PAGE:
Fall 2006 Online Publication    

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Melissa Rakes
Message from the Chair
Education: The Road to the American Dream
Submitted by:  Sarah Bauder, Tristate Chair 2006-2007

A few months ago, I had the opportunity to attend a Symposium in Boston where one of the guest speakers provocatively questioned the existence of the American Dream. (How dare she.) She clicked off a battery of staggering educational statistics, clearly placing blame on a history of Presidents and ultimately the entire U.S. Government. Her speech, as intended, caused me great consternation and clearly, to those around me, offended my conservative patriotism. Since I am not one to sweep anything under the rug, I delicately emailed the President of the company holding the Symposium and gave him another viewpoint. While that event occurred a few months ago, we have been in a dialogue via email ever since with no end in sight. His liberal view, very simply, is that the American Dream is no longer attainable and the United States is failing in its educational goals. My conservative view is that the American Dream is quintessentially American and that we have hope of advancing our educational system through hard work and individual effort. However, in order to discuss this subject intelligently with him, I had to do some research and here is what I found.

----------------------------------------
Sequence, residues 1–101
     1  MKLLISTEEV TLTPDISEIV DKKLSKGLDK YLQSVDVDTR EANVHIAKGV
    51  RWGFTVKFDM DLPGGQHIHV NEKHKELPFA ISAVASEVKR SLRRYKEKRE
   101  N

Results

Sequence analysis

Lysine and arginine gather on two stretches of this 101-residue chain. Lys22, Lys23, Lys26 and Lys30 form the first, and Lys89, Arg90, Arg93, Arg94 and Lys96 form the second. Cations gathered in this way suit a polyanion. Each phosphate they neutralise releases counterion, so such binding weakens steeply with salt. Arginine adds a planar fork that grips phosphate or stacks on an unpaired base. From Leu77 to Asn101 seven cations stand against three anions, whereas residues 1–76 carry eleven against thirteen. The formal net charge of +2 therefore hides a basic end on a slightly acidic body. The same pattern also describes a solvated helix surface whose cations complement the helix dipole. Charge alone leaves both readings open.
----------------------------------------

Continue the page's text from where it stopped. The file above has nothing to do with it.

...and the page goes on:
First, let me note there are two halves to the American Dream. One half (liberal) is that America is the land of social mobility. We are not a land that values rigid hierarchies as the Europeans do. Social mobility comes through government intercession. The other half (conservative) is that individual Americans rise and fall on their own effort, with no guarantee of even minimal levels of success. And that merit should be rewarded. On to what I found….

1) Education is central to the American Dream. It is the means by which ascendance is possible, more so today than ever before in our nation’s history. We all know that with education comes employment opportunities and higher earnings. The greater the income, the more opportunity there is to pursue dreams. In 2004, the median annual household income was roughly $37,000 for those with a high school degree, $69,000 for those with a bachelor’s degree, and $100,000 for those with a professional degree. Students with a bachelor’s degree will earn roughly one million dollars more in a lifetime than students with only a high school education. Those are staggering statistics. Now, couple those statistics with Tom Mortenson’s research which show that roughly one in two students (50%) from families making more than $90,000 obtain a bachelor’s degree by the age of 24, compared with one in 17 students (5.8%) from low income families earning less than $35,000, and we have an American formula for a growing class differential. We saw this clearly play out in the outcome of Hurricane Katrina.